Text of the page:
North Korea to Shut Down Nuclear Test Site in May

Statement from South Korea’s presidential office follows historic talks between the two sides last week — “U.S. strength is going to keep us out of nuclear war.”

South Koreans held a sign depicting of South Korean President Moon Jae-in and North Korean leader Kim Jong Un during a rally in Seoul on Thursday. On Sunday, the South Korean president’s office said Pyongyang would close its nuclear test site.
South Koreans held a sign depicting of South Korean President Moon Jae-in and North Korean leader Kim Jong Un during a rally in Seoul on Thursday. On Sunday, the South Korean president’s office said Pyongyang would close its nuclear test site. PHOTO: CHUNG SUNG-JUN/GETTY IMAGES

SEOUL—North Korea said it would shut down its nuclear test site by May and take steps to demonstrate the closure to the world, South Korea’s presidential office said Sunday, adding to momentum for a deal on the regime’s nuclear program after last week’s historic talksbetween the two sides.

During a summit meeting Friday with South Korean President Moon Jae-in at the inter-Korean demilitarized zone, North Korean leader Kim Jong Un also reaffirmed his willingness to give up his nuclear weapons in exchange for a security guarantee from the U.S., according to details of their conversations made public by the South’s presidential office.

“Why would we need to live under such difficult conditions with nuclear weapons if we’re able to build trust with the U.S. at future meetings, and the U.S. promises nonaggression and an end to the Korean War?” Mr. Kim was quoted as telling Mr. Moon by Yoon Young-chan, a spokesman for South Korea’s presidential office.

The comments build on a diplomatic detente between the Koreas ahead of a planned summitbetween Mr. Kim and President Donald Trump, aimed at convincing the regime to relinquish its nuclear arsenal.

During Friday’s meeting, Mr. Kim said that he believed Washington was “inherently hostile” to the North Korean regime, but that he was confident U.S. officials would be convinced he isn’t the “kind of person to launch nuclear weapons towards the U.S.,” according to Mr. Yoon.

The North Korean leader also said at Friday’s summit that “there should never be another war on the Korean Peninsula,” according to Mr. Yoon.

In regard to the North’s nuclear test site, Mr. Kim indicated that his pledge to close the Punggye-ri facility wasn’t because it had become unusable, Mr. Yoon said. Two recent reports by Chinese seismologists concluded that a large part of the test site was unusable due to the collapse of a cavity inside the mountain after the last blast there in September 2017.

“You will see when you come, but there are two bigger tunnels at the site. Those tunnels are fine and well,” Mr. Kim was quoted as saying by Seoul’s presidential Blue House.

What Would Peace Look Like on the Korean Peninsula?

The two Koreas have technically been at war for more than six decades. That’s about to change, say North Korean leader Kim Jong Un and South Korea’s Moon Jae-in. But what would peace on the peninsula look like?

Mr. Kim said he would discuss with South Korea the possibility of inviting experts and journalists from the U.S. and South Korea to demonstrate the closure of the site, Mr. Yoon said.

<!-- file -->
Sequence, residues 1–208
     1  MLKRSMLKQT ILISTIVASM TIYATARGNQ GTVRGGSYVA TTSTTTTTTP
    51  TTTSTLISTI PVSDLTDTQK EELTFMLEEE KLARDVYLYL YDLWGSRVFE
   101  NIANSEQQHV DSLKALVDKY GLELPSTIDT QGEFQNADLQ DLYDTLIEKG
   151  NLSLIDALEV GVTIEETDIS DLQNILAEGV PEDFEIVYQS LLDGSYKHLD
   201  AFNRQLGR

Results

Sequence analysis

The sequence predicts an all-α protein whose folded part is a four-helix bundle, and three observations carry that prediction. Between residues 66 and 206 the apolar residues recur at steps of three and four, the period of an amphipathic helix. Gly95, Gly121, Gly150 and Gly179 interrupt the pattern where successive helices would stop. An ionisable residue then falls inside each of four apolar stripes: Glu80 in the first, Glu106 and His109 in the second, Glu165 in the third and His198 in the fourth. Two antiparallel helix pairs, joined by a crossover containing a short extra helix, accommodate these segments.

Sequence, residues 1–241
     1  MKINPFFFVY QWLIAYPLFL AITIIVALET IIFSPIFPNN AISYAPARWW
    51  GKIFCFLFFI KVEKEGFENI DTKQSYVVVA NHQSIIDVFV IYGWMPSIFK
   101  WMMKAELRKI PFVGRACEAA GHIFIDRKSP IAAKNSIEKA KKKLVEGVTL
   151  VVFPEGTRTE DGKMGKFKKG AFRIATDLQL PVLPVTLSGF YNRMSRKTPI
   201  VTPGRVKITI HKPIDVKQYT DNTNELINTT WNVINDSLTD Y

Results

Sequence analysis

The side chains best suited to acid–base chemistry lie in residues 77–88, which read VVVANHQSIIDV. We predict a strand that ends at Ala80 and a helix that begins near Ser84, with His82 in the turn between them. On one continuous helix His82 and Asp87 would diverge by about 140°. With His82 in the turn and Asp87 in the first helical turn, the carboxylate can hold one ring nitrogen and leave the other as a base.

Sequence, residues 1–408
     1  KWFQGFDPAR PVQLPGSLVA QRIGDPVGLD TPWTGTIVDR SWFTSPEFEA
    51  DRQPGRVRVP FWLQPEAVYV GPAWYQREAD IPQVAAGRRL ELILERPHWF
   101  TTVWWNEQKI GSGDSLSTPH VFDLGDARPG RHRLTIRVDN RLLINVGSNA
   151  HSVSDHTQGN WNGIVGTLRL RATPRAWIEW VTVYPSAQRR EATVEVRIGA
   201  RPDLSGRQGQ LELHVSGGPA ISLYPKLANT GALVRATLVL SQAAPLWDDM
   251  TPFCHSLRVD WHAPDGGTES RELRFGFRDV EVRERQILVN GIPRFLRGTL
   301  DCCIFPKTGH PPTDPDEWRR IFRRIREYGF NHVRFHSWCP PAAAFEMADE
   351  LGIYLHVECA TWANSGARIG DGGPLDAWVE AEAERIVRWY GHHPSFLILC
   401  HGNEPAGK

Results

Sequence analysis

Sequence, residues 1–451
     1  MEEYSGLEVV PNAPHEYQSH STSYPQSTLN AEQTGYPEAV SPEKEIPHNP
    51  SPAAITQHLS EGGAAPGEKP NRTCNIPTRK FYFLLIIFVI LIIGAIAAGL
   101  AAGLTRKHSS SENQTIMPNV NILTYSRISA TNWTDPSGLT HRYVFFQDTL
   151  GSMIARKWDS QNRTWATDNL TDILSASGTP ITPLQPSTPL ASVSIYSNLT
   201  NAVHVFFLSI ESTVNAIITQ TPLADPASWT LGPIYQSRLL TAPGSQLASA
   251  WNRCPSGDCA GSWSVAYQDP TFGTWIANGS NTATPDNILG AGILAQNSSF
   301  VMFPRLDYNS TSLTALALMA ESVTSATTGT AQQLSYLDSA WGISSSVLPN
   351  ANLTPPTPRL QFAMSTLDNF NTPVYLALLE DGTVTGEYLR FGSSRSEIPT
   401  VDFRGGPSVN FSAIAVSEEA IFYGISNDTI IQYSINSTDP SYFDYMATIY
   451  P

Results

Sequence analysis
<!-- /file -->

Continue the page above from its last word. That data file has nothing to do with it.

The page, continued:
Separately, the North also indicated that it would align its time zone with that of South Korea. Three years ago, Pyongyang shifted its clocks back 30 minutes to send a political message to Seoul and Tokyo.

Mr. Kim said that the time zone decision came to him during his summit with Mr. Moon at the Peace House in the demilitarized zone. “There were two different clocks in the reception hall at Peace House. One was for Seoul time and the other for Pyongyang time, which made my heart heavy,” Mr. Kim said, according to the South. “Let’s first unify the two different times of the two Koreas.”

Messrs. Trump and Moon spoke by phone for 75 minutes Saturday, with both leaders reaffirming their insistence on the North’s “complete, verifiable and irreversible denuclearization,” according to a White House readout of the call.

The two leaders agreed to closely coordinate policy ahead of the U.S.-North Korea summit, to be held in the coming weeks at a venue yet to be determined. South Korea and Mr. Trump have said the possible venues have been narrowed down to two or three locations.

Mr. Trump said the declaration of the “complete denuclearization” of the Korean Peninsula at the inter-Korean summit last week was welcome news for the world, according to Seoul’s readout of the phone conversation.

How the Historic Inter-Korean Summit Unfolded

North Korean leader Kim Jong Un and South Korea’s Moon Jae-in met in the demilitarized zone separating their countries, planting a tree and committing to pursuing a peace deal. Other scenes from the summit included North Korean security guards jogging alongside their leader’s limousine.

Speaking at a campaign-style rally in Washington Township, Mich., Mr. Trump said he expected to meet with Mr. Kim in the next three or four weeks.

“I’m not going to give you what’s going to actually happen because we don’t really know, but I’ll tell you one thing—we’re not playing games,” he said.

“If we would have said where we are today from three or four months ago, remember they were saying ‘he’s going to get us into nuclear war’,” Mr. Trump said. “Strength is going to keep us out of nuclear war; it’s not going to get us in.”

Write to Jonathan Cheng at jonathan.cheng@wsj.com and Andrew Jeong at andrew.jeong@wsj.com

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